HONESDALE, PA — Bethel School may have closed decades ago, but there has been no shortage of learning there. Many tours, spelling bees, lectures and other special events have been conducted in the tiny building. On Sunday, July 11 Bethel School held an open house and a lecture.
About Bethel School
Bethel School was built in 1870. Despite some minor renovations to the stairs and other parts of the outside of the building, the interior looks relatively unchanged. A large blackboard is at the front of the room, a pull-down wall map from 1897 hangs above it, too fragile with age to be fully displayed. Rows of wooden desks are placed all over the room, topped with vintage books in all kinds of subjects from American History to Basic Arithmetic.
Before the school’s closure in 1951, it saw 31 different teachers, with Mary Agnes McCarthy being the last. She taught from 1946 to 1951.
For some, the small, central room was home to many happy memories. “I went to school here and enjoyed every minute of it... Across the road was an apple orchard, and if you felt like eating your lunch in the apple orchard, that’s what you did,” said Dorothy Kieff, former student at Bethel School and member of the Wayne County Historical Society.
She remembered wading in the nearby brook, playing marbles in the middle of the dirt road and playing “Haley Over” with the other children.
Kieff attended during the school’s final years. She recalled that there were 21 kids in her class. It comprised kids across different grade levels. Classes were called up in order to the front of the room to present their work. Afterward, the next group was called and others did individual work.
“If you were stuck on something, there was always an older kid to ask, or if you were one of the older kids, there was always a kid to help. I always said that was cooperative learning at its best,” said Kieff.
‘The army within the Army’
The old wooden desks were occupied with those eager to learn something new once again as local historian Bernadine Lennon presented a lecture entitled “The Army within the Army.” The lecture focused on the volunteers and other unsung heroes that kept the American armies fighting.
Lennon is part of the Greene-Dreher Historical Society. In 2016, the group wanted to take on a project related to WWI as America’s centennial anniversary of joining the war was approaching.
Lennon visited local cemeteries, taking note of gravesites with flags. The project grew from there. By the time research was completed in 2019, the biographies of 140 local WWI veterans were published in Lennon’s book “Greene-Dreher in the Great War.” Three more were discovered after the book’s publishing.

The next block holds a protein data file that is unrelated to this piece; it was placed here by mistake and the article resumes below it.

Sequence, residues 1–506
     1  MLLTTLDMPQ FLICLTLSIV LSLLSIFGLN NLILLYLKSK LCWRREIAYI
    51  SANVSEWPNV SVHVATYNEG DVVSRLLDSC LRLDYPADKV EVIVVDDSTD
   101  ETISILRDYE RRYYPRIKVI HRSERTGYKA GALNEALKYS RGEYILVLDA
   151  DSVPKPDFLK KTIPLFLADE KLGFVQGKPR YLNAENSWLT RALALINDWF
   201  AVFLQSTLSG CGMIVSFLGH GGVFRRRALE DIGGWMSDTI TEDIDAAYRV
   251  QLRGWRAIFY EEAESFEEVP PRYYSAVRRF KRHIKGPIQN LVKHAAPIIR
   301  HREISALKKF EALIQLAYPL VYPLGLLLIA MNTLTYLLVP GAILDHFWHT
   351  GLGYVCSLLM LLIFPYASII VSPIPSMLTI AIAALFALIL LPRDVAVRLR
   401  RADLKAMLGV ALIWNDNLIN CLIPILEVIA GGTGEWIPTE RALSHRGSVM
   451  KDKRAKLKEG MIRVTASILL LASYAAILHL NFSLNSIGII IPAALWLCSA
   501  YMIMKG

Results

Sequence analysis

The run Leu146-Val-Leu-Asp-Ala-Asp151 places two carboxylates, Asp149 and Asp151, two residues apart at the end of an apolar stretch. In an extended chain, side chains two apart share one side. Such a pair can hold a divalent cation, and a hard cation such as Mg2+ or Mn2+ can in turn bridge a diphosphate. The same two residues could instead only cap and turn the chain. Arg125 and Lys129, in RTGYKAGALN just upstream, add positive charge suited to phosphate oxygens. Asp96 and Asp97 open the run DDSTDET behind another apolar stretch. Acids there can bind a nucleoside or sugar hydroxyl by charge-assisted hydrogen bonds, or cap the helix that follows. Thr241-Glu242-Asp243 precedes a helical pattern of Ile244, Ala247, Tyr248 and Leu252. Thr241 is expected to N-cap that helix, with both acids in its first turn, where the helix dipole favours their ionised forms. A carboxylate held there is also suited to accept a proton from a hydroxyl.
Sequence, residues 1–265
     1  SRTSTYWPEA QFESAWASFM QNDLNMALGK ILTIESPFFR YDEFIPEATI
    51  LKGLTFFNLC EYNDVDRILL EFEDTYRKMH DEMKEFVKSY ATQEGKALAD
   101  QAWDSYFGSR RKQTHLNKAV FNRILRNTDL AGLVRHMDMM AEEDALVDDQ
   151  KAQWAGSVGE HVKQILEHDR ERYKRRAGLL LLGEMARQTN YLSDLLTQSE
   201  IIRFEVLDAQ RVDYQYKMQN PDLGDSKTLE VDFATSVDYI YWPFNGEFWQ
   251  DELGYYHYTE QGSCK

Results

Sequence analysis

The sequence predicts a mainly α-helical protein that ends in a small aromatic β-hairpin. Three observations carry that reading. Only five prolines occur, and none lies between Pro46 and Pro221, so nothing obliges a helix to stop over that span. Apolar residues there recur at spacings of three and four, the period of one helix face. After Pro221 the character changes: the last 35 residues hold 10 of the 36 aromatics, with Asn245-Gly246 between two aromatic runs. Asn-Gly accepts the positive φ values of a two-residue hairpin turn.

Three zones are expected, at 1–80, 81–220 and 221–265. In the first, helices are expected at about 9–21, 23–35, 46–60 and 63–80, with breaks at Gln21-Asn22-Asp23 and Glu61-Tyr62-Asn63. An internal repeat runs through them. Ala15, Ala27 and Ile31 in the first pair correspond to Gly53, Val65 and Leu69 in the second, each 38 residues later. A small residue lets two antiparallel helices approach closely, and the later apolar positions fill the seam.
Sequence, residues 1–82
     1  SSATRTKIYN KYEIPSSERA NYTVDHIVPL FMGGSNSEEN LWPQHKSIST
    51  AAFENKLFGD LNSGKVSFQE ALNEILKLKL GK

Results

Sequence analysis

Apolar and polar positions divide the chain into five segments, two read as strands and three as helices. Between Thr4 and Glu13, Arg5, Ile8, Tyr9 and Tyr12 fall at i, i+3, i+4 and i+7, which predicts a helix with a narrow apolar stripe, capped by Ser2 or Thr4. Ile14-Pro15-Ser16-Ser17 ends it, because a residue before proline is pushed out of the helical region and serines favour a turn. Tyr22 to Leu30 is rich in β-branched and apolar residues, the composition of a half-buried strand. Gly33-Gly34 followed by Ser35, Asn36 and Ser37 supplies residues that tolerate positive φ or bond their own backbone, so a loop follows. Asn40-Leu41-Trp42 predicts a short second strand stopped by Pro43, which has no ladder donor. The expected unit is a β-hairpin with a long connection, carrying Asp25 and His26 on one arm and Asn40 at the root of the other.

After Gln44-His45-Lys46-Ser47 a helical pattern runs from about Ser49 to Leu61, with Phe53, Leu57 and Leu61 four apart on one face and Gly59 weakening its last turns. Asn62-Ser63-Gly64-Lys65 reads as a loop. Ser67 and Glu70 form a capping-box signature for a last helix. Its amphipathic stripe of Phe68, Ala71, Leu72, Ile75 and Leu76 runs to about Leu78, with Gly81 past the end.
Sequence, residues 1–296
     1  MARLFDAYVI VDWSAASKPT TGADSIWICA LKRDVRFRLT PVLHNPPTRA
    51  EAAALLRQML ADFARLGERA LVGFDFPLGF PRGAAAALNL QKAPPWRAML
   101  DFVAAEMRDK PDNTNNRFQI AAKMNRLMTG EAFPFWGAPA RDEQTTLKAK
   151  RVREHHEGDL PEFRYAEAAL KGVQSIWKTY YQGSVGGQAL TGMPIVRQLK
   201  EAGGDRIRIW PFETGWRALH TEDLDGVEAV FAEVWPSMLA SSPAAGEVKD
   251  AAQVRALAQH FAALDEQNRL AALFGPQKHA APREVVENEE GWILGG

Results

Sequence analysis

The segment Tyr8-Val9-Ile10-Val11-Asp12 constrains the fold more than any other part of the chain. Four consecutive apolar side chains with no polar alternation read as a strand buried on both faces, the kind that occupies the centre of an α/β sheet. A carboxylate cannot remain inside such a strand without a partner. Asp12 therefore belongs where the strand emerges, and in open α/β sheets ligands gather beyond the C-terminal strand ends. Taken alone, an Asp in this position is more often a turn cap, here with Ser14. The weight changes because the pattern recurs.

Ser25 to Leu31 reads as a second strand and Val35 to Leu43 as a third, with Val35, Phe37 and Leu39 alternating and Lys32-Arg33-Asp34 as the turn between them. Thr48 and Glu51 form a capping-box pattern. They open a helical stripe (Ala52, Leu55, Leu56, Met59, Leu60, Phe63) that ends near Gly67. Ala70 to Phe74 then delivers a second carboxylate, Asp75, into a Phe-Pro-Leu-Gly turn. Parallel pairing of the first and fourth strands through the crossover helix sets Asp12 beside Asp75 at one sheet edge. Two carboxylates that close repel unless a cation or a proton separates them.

WWI soldier Farley Lafore Lock and his namesake VFW post
via the State Journal-Register newspaper (IL) web site
Springfield, IL’s Lafore Lock Post 755 of the Veterans of Foreign Wars, which celebrated its 100th anniversary this month, is named after World War I U.S. Army Pvt. Farley Lafore Lock.
Lock died Oct. 18, 1918, of wounds he suffered from an artillery shell the day before in the Verdun sector of France. Born in 1896, Lafore was one of 10 children (eight of them boys) of Nelson and Gretta Lock.
Lock’s death was described in a letter written to his family in January 1919 by Russell Burleigh, Lock’s sergeant in the medical unit of the 133rd Regiment, 33rd Division.
“Twice in our army life I called for volunteers to go with me on perilous journeys under enemy shell fire and twice Lafore and Neal (full name not given) volunteered to go with me regardless of what our prospect was or our chance of return.
“It was during the trying times when the enemy was trying to stop the rush of American manhood throught the impregnable Argonne Forests that Lafore after going to the front line and assisting in establishing a first aid post, volunteered to return and bring the remainder of the men up after dark.
“He started on his perilous errand with the same smile and joking way that he always wore while doing his duty. He never finished his errand, but we all know and God knows it was not through any fault of his.